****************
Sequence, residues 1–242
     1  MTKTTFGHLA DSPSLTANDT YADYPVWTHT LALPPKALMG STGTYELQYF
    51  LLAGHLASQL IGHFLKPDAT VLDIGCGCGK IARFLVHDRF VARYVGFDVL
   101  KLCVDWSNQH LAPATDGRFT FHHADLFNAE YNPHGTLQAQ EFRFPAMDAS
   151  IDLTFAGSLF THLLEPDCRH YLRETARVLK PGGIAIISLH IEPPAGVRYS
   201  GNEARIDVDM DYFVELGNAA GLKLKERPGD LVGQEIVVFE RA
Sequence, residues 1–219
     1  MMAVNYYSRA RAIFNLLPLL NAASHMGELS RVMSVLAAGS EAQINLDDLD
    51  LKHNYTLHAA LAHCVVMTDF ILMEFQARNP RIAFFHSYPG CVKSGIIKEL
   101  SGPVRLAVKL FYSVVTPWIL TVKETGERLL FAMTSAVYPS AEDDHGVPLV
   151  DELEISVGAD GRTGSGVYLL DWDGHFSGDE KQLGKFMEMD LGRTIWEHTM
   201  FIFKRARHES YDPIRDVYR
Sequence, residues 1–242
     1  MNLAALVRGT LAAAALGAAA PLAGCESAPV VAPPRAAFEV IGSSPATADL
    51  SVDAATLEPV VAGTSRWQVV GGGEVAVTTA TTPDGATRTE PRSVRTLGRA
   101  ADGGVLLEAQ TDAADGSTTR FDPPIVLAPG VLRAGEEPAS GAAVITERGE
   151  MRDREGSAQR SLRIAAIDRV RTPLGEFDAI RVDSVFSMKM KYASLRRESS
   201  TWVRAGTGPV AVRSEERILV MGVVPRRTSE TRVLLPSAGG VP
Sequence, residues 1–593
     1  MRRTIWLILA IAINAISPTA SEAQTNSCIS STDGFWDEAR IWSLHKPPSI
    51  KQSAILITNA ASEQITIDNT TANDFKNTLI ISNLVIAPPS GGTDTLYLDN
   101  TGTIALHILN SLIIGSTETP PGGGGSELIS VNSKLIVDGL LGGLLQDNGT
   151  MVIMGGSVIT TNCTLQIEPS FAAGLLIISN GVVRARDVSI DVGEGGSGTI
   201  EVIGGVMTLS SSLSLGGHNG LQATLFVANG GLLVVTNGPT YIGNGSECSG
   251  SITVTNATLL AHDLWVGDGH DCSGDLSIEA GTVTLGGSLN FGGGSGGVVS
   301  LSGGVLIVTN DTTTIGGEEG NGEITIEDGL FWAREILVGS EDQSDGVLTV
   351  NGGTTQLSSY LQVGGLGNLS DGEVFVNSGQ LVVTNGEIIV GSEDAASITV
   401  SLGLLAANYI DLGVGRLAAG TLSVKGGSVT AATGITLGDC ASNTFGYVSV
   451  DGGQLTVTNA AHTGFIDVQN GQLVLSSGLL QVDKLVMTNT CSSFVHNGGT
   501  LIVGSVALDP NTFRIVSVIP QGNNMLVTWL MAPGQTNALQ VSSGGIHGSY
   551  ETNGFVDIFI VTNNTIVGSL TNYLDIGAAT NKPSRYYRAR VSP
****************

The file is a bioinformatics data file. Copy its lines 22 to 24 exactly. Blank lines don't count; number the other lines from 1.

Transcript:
   101  TGTIALHILN SLIIGSTETP PGGGGSELIS VNSKLIVDGL LGGLLQDNGT
   151  MVIMGGSVIT TNCTLQIEPS FAAGLLIISN GVVRARDVSI DVGEGGSGTI
   201  EVIGGVMTLS SSLSLGGHNG LQATLFVANG GLLVVTNGPT YIGNGSECSG